After a spell as a centre-forward/third midfielder under Eamon O'Shea in 2015, new Tipp manager Mick Ryan has restored Maher to a more conventional midfield role from where he did arguably his best hurling in 2010. He likes the certainty of that.

"It can be frustrating when you are moved from one place to another because it's quite hard mentally to approach a game, to focus," he says. "That's something I have discussed with Eamon and with Mick, they're happy to say that they'll settle on a position.

"The downfall of being versatile is that that (losing focus) can happen and it has happened me before."

Despite needing a Seamus Callanan hat-trick to stay in touch with Galway in last year's All-Ireland semi-final, Maher believes Tipperary are not far off reaching their undoubted potential once more.


"I think we're very close," he says. "We've been involved in some very close games, very close in '14 again, All-Irelands in 2011 and 2009. I think we're doing a lot of things right."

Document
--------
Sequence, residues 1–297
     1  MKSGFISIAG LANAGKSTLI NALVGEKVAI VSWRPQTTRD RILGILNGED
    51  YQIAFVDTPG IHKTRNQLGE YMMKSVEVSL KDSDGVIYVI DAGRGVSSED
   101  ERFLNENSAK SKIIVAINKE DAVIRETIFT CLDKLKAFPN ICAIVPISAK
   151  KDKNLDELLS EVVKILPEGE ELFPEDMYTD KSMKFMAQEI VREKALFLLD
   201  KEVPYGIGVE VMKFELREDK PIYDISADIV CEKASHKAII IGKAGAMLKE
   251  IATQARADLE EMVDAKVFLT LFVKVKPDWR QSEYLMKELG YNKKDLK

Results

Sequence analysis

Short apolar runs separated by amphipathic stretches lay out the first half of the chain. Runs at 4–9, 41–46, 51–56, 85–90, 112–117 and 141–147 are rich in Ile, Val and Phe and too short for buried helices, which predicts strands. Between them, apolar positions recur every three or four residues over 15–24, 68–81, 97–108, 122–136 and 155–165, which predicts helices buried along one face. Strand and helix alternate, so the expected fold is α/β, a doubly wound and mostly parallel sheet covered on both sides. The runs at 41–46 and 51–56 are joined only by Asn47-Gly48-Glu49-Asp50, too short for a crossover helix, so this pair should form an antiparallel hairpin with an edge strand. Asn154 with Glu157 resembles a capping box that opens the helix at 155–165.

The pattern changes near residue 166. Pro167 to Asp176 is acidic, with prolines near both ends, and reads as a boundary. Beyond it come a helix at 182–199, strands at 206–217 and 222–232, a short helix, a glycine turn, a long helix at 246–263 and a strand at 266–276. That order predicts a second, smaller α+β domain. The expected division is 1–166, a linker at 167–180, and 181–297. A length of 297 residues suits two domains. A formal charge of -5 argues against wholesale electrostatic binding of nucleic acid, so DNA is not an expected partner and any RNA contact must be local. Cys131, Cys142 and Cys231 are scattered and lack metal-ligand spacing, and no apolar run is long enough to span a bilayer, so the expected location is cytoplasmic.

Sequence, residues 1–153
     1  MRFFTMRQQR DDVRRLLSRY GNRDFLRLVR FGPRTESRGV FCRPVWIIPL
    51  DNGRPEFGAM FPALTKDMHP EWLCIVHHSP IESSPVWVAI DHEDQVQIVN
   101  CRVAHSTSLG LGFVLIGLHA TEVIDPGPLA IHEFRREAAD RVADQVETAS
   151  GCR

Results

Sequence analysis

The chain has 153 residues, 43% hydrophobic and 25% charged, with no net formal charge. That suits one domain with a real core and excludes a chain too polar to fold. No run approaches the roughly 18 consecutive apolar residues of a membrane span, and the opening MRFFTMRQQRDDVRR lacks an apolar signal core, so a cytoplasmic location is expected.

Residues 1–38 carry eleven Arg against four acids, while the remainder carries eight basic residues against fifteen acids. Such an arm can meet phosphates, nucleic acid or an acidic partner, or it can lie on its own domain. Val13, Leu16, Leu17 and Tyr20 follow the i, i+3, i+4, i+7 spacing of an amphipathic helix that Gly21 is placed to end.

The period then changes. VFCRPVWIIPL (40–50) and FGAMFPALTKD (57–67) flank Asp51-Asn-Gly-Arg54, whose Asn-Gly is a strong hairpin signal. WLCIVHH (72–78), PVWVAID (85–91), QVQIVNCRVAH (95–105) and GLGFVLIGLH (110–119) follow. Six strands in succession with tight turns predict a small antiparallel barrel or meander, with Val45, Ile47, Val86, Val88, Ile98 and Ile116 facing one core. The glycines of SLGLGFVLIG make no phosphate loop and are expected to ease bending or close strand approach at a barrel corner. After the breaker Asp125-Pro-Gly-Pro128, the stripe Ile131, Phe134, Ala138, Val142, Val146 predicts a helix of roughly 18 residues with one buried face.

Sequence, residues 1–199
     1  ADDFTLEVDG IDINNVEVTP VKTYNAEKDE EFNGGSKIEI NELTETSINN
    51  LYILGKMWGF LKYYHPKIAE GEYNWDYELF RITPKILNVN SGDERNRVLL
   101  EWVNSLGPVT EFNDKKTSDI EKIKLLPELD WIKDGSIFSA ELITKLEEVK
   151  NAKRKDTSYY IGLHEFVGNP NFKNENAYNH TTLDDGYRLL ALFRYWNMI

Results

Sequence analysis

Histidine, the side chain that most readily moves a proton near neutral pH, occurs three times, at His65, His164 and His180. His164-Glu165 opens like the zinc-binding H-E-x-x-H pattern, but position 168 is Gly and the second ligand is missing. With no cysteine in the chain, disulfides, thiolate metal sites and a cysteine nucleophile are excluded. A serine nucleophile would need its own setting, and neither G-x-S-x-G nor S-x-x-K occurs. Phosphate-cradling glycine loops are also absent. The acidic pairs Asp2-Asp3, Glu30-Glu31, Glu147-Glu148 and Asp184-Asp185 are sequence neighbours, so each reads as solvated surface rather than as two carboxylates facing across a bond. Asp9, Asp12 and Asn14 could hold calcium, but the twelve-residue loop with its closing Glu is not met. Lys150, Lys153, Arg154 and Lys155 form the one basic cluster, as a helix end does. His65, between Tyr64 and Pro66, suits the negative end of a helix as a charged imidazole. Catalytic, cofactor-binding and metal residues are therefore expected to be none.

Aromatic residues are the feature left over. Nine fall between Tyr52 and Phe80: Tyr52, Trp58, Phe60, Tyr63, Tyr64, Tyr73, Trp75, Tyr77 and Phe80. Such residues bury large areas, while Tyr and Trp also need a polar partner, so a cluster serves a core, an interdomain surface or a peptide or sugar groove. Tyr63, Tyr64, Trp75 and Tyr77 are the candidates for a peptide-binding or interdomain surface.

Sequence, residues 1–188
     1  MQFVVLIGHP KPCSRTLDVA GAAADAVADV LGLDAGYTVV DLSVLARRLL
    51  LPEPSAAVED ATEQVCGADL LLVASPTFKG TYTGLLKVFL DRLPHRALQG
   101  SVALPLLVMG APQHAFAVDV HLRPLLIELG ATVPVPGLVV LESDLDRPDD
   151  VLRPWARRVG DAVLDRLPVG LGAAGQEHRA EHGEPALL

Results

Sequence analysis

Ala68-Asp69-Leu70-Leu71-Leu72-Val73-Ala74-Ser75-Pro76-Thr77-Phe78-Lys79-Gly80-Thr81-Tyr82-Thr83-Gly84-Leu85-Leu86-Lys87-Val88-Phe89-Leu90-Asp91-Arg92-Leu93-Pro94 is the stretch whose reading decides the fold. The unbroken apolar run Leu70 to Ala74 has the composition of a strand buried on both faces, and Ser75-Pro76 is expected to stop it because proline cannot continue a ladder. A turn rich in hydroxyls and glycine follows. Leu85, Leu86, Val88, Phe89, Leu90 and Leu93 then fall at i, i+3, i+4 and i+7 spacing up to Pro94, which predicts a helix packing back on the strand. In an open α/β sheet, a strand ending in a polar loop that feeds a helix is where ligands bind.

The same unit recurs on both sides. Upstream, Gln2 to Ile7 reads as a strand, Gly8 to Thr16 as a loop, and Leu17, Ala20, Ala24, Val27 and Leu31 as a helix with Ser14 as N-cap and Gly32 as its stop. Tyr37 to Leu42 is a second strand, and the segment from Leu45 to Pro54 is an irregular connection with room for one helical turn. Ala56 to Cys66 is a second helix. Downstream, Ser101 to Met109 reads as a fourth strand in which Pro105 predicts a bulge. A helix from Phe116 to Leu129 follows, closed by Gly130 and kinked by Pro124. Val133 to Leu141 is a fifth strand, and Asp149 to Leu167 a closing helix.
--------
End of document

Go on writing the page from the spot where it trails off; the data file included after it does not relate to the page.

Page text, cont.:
Maher has overcome an injury he picked up in an internal practice match that caused some controversy when he missed a subsequent club match later that week.

He feels the inter-county season could benefit everyone from being condensed.

"I think the inter-county season is spread out too much, there are big gaps there between games, especially in hurling," he says. "It's different in football because there are more teams.

"If we could go the direct route we'd have gaps of four weeks, four weeks, five weeks, three weeks. A game every two weeks would be ideal for us as players."

Litany of one-point pain hints at Tipp flaw

Tipperary won last year’s Munster Hurling Championship but in the last three competitions they have exited, they have done so by one-point defeats. It feeds into the perception that they have trouble seeing tight matches home.

Earlier this year they lost a League quarter-final to Clare in Ennis by 2-13 to 0-18. In last year’s All-Ireland semi-final Galway edged them out by 0-26 to 3-16, another classic encounter that they again came out on the wrong side of. Their 2015 League campaign ended in a Nowlan Park semi-final when Waterford  pipped them by 1-19 to 2-15.

Over the last two-and-a half seasons Tipperary have suffered 12 defeats in League and Championship, five of which have been by the minimum margin, including this year’s regulation League game against Waterford (1-18 to 1-17) and the 2014 League final to Kilkenny after extra-time (2-25 to 1-27).

Over the same period they have won quite a few tight games but none by one point.